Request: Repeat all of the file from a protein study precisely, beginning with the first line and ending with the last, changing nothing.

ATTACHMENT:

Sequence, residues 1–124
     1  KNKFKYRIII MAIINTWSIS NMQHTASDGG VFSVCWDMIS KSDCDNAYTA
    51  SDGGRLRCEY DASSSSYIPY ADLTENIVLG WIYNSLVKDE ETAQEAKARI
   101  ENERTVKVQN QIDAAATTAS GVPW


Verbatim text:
Sequence, residues 1–124
     1  KNKFKYRIII MAIINTWSIS NMQHTASDGG VFSVCWDMIS KSDCDNAYTA
    51  SDGGRLRCEY DASSSSYIPY ADLTENIVLG WIYNSLVKDE ETAQEAKARI
   101  ENERTVKVQN QIDAAATTAS GVPW